EMC – vVNX – A Brief Introduction

A few people have been asking me about EMC’s vVNX product, so I thought I’d share a few thoughts, feelings and facts. This isn’t comprehensive by any stretch, and the suitability of this product for use in your environment will depend on a whole shedload of factors, most of which I won’t be going into here. I do recommend you check out the “Introduction to the vVNX Community Edition” white paper as a starting point. Chad, as always, has a great post on the subject here.

 

Links

Firstly, here are some links that you will probably find useful:

When it comes time to license the product, you’ll need to visit this page.

vVNX_license

 

Hardware Requirements

A large number of “software-defined” products have hardware requirements, and the vVNX is no different. You’ll need to be running VMware vSphere 5.5 or later to get this running too. I haven’t tried this with Fusion yet.

Element Requirement
Hardware Processor Xeon E5 Series Quad/Dual Core CPU 64-bit x86 Intel 2 GHz (or greater)
Hardware Memory 16GB (minimum)
Hardware Network 2×1 GbE or 2×10 GbE
Hardware RAID (for Server DAS) Xeon E5 Series Quad/Dual Core CPU 64-bit x86 Intel 2 GHz (or greater)
Virtual Processor Cores 2 (2GHz+)
Virtual System Memory 12GB
Virtual Network Adapters 5 (2 ports for I/O, 1 for Unisphere, 1 for SSH, 1 for CMI)

There are a few things to note with the disk configuration. Obviously, the appliance sits on a disk subsystem attached to the ESXi host and is comprised of a number of VMDK files. EMC recommends that the disk provisioning used is “Thick Provisioned Eager Zeroed”. You also need to manually select the tier when you add disk to the pool as the vVNX just sees a number of VMDKs. The available tiers will be familiar to VNX users – extreme performance, performance and capacity. These correspond to SSD, SAS and NL-SAS.

 

Connectivity

The vVNX offers block connectivity via iSCSI, and file connectivity via Multiprotocol / SMB / NFS. No, there is no “passthrough FC” option as such. Let it go already.

 

Features

What’s pretty cool, in my opinion, is that the vVNX supports native asynchronous block replication between other vVNXs as well as the VNXe3200. As well as this, vVNX systems have integrated deduplication and compression support for file-based storage (file systems and VMware NFS Datastores). Note that this is file-based, so it operates on whole files that are stored in a file system. The filesystem is scanned for files that have not been accessed in 15 days.  Files can be excluded from deduplication and compression operations on either a file extension or path basis.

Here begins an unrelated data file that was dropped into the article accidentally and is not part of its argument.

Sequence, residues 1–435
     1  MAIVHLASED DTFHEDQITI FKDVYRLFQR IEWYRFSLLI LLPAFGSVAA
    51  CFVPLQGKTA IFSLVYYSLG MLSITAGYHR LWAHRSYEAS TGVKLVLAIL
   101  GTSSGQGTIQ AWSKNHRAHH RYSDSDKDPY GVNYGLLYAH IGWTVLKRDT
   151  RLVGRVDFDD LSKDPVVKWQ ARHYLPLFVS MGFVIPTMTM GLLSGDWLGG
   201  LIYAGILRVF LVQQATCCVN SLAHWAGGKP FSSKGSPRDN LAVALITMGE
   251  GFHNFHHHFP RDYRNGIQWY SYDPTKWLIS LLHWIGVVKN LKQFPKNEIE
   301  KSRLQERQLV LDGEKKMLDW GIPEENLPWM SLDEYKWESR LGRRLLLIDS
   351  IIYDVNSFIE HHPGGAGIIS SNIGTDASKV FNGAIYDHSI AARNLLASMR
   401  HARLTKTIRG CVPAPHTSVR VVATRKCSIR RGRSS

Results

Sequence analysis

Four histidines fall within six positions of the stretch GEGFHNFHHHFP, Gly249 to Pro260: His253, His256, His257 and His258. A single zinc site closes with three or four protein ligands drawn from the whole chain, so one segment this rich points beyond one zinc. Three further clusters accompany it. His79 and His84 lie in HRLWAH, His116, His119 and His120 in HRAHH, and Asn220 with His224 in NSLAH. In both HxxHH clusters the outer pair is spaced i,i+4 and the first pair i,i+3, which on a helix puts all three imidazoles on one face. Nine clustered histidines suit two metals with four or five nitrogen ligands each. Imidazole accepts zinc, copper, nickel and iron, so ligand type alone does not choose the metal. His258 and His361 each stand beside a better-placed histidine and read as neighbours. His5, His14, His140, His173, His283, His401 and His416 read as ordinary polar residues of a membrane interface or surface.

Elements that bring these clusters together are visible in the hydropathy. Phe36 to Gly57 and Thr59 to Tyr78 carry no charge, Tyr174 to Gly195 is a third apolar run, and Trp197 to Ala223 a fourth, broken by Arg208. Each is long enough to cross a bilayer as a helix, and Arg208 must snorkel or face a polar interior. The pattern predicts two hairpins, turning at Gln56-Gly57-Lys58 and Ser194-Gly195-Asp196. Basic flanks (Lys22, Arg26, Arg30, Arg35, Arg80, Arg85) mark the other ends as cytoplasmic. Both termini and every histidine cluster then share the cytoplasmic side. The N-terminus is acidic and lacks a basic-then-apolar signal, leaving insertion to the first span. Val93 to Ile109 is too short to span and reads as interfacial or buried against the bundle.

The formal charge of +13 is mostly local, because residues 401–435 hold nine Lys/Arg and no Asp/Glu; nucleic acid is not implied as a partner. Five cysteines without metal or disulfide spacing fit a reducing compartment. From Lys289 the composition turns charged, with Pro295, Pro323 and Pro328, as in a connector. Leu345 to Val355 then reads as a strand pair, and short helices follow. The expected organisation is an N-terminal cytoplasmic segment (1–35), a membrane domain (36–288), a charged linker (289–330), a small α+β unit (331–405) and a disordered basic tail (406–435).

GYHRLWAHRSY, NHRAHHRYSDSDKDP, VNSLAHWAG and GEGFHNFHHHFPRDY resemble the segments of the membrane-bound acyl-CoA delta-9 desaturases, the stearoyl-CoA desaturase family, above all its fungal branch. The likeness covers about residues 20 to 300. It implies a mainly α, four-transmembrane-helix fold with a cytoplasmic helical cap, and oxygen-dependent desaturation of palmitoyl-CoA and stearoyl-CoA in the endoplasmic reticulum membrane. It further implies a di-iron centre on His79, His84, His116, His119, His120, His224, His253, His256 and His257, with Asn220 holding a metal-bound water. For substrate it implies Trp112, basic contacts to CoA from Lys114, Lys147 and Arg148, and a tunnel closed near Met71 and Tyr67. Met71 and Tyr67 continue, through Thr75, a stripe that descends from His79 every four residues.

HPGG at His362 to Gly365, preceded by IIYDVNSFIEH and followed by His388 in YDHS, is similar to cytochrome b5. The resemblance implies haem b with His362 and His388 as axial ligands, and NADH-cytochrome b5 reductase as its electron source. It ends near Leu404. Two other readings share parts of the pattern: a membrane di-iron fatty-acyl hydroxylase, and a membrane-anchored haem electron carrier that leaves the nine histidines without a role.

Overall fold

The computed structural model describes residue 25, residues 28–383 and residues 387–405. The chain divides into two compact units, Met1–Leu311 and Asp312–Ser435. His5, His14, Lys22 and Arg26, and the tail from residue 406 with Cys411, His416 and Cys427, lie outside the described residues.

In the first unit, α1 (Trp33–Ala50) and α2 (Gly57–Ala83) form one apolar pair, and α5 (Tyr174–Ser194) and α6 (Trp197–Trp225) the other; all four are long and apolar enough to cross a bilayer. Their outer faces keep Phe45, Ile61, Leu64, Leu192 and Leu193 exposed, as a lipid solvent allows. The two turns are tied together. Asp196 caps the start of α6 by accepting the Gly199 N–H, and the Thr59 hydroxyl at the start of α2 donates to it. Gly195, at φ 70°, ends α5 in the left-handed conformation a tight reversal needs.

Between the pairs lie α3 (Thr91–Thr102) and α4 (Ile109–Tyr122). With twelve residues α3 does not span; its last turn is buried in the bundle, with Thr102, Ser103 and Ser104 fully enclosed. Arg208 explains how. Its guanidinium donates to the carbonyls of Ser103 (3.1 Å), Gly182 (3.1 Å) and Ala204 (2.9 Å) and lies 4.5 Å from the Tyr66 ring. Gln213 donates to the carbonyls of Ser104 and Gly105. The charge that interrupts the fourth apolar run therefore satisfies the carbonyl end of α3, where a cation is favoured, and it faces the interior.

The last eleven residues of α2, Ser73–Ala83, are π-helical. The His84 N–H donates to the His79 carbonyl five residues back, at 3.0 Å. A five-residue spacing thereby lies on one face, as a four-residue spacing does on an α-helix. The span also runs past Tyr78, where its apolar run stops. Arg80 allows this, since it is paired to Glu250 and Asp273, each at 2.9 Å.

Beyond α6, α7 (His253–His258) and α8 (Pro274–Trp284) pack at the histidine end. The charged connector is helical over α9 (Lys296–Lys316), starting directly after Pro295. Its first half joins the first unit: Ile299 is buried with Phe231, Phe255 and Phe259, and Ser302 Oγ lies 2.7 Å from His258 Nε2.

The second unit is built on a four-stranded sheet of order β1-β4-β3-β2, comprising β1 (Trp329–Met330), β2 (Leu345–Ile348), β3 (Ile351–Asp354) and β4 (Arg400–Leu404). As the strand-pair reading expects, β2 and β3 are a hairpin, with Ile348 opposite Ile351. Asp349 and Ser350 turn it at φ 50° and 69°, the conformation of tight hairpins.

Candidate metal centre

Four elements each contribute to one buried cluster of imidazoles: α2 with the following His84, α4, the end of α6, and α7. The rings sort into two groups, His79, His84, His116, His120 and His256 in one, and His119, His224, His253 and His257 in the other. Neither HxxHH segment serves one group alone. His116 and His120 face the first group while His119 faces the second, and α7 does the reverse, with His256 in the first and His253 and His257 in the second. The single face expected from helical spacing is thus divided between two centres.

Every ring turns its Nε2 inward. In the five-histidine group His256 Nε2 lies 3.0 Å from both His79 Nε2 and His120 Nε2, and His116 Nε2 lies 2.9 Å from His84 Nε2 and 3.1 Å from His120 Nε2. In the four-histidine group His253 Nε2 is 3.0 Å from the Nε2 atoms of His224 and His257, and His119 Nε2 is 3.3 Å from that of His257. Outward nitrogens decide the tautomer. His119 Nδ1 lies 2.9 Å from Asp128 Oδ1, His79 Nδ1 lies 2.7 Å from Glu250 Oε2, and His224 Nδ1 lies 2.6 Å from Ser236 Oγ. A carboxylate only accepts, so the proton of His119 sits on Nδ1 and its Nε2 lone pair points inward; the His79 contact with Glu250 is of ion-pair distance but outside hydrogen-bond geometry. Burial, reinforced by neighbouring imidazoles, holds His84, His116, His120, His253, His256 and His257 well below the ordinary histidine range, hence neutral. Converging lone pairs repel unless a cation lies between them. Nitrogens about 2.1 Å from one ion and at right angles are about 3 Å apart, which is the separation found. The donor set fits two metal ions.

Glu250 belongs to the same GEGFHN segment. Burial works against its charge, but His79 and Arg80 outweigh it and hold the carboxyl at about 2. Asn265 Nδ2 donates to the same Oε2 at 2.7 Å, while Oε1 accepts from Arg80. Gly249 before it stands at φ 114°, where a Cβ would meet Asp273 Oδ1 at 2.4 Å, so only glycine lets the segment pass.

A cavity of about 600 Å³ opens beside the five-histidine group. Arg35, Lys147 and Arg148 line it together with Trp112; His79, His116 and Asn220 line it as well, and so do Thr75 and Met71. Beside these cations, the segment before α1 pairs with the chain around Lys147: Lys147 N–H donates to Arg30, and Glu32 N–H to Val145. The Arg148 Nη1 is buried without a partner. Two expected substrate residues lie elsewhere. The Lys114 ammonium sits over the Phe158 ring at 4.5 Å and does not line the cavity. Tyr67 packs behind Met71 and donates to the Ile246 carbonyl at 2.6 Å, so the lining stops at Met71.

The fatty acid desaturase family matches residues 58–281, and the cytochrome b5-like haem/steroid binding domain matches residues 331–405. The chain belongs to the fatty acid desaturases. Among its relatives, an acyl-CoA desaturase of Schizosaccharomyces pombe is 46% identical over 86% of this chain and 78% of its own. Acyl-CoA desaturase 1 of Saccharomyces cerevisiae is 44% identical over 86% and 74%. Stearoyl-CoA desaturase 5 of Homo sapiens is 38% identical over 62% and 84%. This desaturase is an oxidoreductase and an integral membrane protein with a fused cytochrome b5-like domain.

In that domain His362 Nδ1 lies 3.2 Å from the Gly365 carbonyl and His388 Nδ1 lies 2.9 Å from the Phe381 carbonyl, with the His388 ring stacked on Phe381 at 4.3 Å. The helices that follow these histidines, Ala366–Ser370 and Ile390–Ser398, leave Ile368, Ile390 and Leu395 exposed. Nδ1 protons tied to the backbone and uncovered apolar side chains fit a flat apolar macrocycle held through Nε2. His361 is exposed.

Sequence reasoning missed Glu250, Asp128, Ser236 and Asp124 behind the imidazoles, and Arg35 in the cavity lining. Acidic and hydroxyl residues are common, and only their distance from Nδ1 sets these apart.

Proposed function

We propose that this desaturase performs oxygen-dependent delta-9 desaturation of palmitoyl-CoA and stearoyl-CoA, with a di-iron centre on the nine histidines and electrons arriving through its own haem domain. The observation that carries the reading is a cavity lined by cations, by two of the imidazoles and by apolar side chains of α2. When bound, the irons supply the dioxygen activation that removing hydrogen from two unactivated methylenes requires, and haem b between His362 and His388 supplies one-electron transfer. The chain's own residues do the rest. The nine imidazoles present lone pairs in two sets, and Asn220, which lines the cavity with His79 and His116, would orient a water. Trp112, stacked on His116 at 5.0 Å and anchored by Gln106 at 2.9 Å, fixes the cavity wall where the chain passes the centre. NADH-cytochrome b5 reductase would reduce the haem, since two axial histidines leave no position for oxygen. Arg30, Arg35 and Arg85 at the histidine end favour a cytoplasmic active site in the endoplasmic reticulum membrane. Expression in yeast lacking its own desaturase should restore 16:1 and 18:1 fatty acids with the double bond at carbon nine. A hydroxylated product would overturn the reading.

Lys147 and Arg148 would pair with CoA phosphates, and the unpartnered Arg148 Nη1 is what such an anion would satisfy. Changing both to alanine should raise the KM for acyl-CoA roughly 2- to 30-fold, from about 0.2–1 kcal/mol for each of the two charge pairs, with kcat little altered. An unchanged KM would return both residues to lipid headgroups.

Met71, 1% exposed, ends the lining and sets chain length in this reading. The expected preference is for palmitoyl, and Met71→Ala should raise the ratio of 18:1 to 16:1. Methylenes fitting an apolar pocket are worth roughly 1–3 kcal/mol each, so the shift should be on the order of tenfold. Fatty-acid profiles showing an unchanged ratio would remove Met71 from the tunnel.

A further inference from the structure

Big Brother

The VNXe3200 is ostensibly the vVNX’s big brother. Whilst EMC use the VNXe3200 as a comparison model when discussing vVNX capabilities but, as EMC point out in their introductory whitepaper, there are still a few differences.

VNXe3200 vVNX
Maximum Drives 150 (Dual SP) 16 vDisks (Single SP)
Total System Memory 48 GB 12 GB
Supported Drive Type 3.5”/2.5” SAS, NL-SAS, Flash vDisk
Supported Protocols SMB, NFS, iSCSI & FC SMB, NFS, iSCSI
Embedded IO Ports per SP 4 x 10GbE 2 x 1GbE or 2 x 10GbE
Backend Connectivity per SP 1 x 6 Gb/s x4 SAS vDisk
Max. Drive/vDisk Size 4TB 2TB
Max. Total Capacity 500TB 4TB
Max. Pool LUN Size 16TB 4TB
Max. Pool LUNs Per System 500 64
Max. Pools Per System 20 10
Max. NAS Servers 32 4
Max. File Systems 500 32
Max. Snapshots Per System 1000 128
Max. Replication Sessions 16 256

There are a few other key differences as well, before you get too carried away with replacing all of your VNXe3200s (not that I think people will get too carried away with this). The following points are taken from the “Introduction to the vVNX Community Edition” white paper:

  • MCx – Multicore Cache on the vVNX is for read cache only. Multicore FAST Cache is not supported by the vVNX and Multicore RAID is not applicable as redundancy is provided via the backend storage.
  • FAST Suite – The FAST Suite is not available with the vVNX.
  • Replication – RecoverPoint integration is not supported by the vVNX.
  • Unisphere CLI – Some commands, such as those related to disks and storage pools, will be different in syntax for the vVNX than the VNXe3200. Features that are not available on the vVNX will not be accessible via Unisphere CLI.
  • High Availability – Because the vVNX is a single instance implementation, it does not have the high availability features seen on the VNXe3200.
  • Software Upgrades – System upgrades on a vVNX will force a reboot, taking the system offline in order to complete the upgrade.
  • Fibre Channel Protocol Support – The vVNX does not support Fibre Channel.

 

Conclusion

I get excited whenever a vendor offers up a virtualised version of there product, either as a glorified simulator, a lab tool, or a test bed. It’s no doubt taken a lot of people inside EMC a lot of work to convince people in charge to release this thing into the wild. I’m looking forward to doing some more testing with it and publishing some articles that cover what it can and can’t do.